It’s just a side benefit to an already crackling evening, but if you see Handbagged, the latest in 59E59’s Brits Off Broadway series, you’ll also take in snippets from several current Broadway offerings. The 1981 Irish hunger strikes (The Ferryman)? They’re here. Rupert Murdoch’s takeover of several Brit tabloids, beginning with the Sun in the late ’60s (Ink)? Also here. And The Cher Show may present three different-aged Chers, each commenting on the others, but Handbagged, Moira Buffini’s 2010 play having its New York premiere, makes do with older and younger versions of Queen Elizabeth II and Margaret Thatcher, each interacting with the past and present and occasionally murmuring, “I didn’t say that.”
There’s also a strong whiff of The Audience, Peter Morgan’s recent rumination on what might have transpired in the private weekly sessions between the Queen and her prime ministers. Here, the older Elizabeth, called Q (Anita Carey), faces off with the elder Thatcher, or T (Kate Fahy), while their couple-of-decades-younger counterparts, Liz (Beth Hylton) and Mags (Susan Lynskey), look on and correct their alter egos, or vice versa. Meantime, Actor 1 (Cody Leroy Wilson) and Actor 2 (John Lescault) play everybody else necessary. Buffini’s concept is simple and elegant, with dialogue and fourth-wall-breaking narration seamlessly interwoven, but for a few meta-theatrical indulgences. And while it can’t ever really be known how accurate she is in evoking private moments in 20 years of British history, Buffini has clearly done her research, and she has a beguiling, light touch on heavy affairs of state.
She has lots of history here: deteriorating relations with Ireland, miners’ strikes, the Falklands, the 1984 Brighton hotel bombing that targeted Thatcher, and, most potently, the Thatcher philosophies on democracy and socialism that meshed so neatly with those of President Reagan. Thatcher, as played by Lynskey and especially Fahy, is a smart, tireless, resolute proponent of self-determination, oblivious to the needs of the less fortunate. Welfare’s a crutch; the National Health Service, an expensive boondoggle; striking miners, a mob that needs crushing. “I would be proud if this word defined me,” says T: “No.” You have to admire her, even if you hate her.
Which makes Elizabeth a gentler soul—how could she not be?—but still an imposing force. How could anyone cope with such demands, of state, of image, where the slightest deviation from popular expectations could threaten the Commonwealth? Carey and Lynskey capture Her Majesty’s poise, sensibility, and sympathy for the underclass (easy enough, huffs Mags, when you’re handed everything). It’s a bit disappointing that Buffini practically ignores Philip, Margaret, and the Queen Mother, and that the action ends with T’s resignation—we’d like to witness subsequent events in Elizabeth’s life, if not Thatcher’s descent into dementia. What’s there, though, is lively and revealing.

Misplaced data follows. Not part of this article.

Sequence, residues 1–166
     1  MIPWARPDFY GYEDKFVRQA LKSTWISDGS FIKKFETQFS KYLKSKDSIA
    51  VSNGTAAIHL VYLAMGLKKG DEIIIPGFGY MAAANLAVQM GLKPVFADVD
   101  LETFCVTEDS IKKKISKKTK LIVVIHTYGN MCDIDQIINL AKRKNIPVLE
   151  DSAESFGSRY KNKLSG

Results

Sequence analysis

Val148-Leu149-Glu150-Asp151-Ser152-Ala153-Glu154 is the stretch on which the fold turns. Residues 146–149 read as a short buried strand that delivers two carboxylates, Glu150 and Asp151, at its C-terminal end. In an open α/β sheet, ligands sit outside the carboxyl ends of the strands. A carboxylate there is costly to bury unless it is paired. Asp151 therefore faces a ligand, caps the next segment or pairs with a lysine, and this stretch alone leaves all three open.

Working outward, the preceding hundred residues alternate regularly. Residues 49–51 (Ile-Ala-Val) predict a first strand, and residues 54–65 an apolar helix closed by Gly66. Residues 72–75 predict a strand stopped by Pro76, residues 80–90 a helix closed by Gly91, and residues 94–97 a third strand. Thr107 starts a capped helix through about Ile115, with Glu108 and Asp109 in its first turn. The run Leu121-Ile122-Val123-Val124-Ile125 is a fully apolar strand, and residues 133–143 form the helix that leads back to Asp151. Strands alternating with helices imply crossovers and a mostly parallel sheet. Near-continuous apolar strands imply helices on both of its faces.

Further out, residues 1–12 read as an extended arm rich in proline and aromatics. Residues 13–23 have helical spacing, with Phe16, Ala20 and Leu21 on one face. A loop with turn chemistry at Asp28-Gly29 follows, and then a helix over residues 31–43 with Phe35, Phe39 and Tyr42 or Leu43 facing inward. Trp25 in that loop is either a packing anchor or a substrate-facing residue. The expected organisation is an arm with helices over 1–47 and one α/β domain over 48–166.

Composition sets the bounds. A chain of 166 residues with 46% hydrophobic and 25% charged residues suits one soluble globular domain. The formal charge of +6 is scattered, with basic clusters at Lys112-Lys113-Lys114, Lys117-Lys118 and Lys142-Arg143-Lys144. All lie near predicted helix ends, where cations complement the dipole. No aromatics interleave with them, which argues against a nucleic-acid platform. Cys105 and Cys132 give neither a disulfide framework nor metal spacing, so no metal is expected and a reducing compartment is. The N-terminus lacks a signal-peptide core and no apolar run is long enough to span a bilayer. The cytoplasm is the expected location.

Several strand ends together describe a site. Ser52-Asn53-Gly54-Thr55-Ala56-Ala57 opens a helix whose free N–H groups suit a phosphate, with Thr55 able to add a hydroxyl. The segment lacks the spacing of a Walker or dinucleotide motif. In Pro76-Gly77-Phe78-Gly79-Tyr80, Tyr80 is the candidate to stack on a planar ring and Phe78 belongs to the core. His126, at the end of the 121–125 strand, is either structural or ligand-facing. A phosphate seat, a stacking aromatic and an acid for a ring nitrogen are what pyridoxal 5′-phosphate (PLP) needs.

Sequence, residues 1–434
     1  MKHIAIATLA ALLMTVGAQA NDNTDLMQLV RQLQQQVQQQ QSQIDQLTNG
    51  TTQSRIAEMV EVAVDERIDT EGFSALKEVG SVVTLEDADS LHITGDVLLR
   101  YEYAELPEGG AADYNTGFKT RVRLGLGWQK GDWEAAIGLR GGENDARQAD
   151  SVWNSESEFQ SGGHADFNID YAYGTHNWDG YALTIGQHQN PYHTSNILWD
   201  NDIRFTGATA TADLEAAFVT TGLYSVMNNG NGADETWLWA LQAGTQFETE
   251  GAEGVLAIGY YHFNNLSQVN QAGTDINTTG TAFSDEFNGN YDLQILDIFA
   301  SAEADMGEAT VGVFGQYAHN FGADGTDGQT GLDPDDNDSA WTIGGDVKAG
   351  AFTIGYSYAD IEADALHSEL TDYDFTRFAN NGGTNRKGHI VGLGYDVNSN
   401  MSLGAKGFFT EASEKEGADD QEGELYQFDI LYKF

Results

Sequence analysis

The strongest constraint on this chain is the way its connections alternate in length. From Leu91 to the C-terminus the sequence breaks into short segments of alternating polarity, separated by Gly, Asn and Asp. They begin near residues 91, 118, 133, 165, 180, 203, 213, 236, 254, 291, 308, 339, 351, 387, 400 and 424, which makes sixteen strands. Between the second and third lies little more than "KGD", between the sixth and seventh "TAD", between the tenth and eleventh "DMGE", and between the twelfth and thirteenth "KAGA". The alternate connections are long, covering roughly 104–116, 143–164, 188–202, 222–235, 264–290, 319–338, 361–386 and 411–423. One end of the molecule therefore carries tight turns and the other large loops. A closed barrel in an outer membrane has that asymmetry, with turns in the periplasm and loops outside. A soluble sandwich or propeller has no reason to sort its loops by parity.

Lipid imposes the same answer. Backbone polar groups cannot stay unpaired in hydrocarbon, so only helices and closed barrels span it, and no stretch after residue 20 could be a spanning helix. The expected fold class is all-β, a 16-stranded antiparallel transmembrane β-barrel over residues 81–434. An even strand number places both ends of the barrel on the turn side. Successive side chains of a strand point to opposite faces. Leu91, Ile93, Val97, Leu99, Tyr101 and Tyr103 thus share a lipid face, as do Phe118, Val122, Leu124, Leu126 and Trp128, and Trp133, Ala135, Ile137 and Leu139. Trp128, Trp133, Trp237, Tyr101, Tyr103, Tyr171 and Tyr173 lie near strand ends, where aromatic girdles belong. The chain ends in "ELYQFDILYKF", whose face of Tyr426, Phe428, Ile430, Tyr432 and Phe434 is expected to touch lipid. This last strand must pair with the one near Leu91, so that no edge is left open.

Actors 1 and 2 have quick changes of costume and character, and some work better than others. Lescault hasn’t Reagan’s swagger or abundant personality, the President’s two greatest assets, but he’s an affable Denis Thatcher—supportive, jovial, and more than a little lightweight. The versatile Wilson must portray everyone from Labour Party stalwart Neil Kinnock to IRA leader Gerry Adams to Nancy Reagan, which he accomplishes handily in costume designer Richard Kent’s flourish of Arnold Scaasi red.
Buffini does go more meta than necessary: protracted discussions among the players on whether to have an “interval” or not (yes, there’s an intermission); exchanges of roles (both Actors 1 and 2 take a stab at MP Enoch Powell); direct acknowledgment of the audience. The emphasis, though, is on two formidable personalities essayed by four formidable actors. They mix politesse with cattiness, then rally to very occasional common ground, as when Mrs. Reagan arrives at the Charles-Diana wedding in a six-car cavalcade. Mags: “One just for her hats, I think.” Q, to audience: “She actually made a joke. It was a first. I thought she had no sense of humor whatsoever.”
Kent also did the set, a clean black-and-white space, brightly lit by Jesse Belsky. Carolyn Downing’s sound design is apt and even funny, when Liz merrily serves a picnic in a storm at Balmoral, to Mags’s discomfort. Indhu Rubasingham’s polished direction maintains a snappy pace and keeps the shifting viewpoints and personas utterly clear. Handbagged isn’t deep, and it traverses history that some might find painful: the dawning of “government isn’t the solution, government is the problem,” when busting unions and slashing safety nets first passed for patriotism. That’s Reagan and Thatcher for you. But rest assured, Elizabeth will intervene, with a more generous outlook. Long live the Queen!
Moira Buffini’s Handbagged plays through June 30 at 59E59 Theaters (59 E. 59th St., between Park and Madison). Performances are at 8 p.m. Tuesdays through Saturdays and at 2 p.m. Saturdays and Sundays. For tickets and information, call the 59E59 box office at (646) 892-7999 or visit www.59e59.org.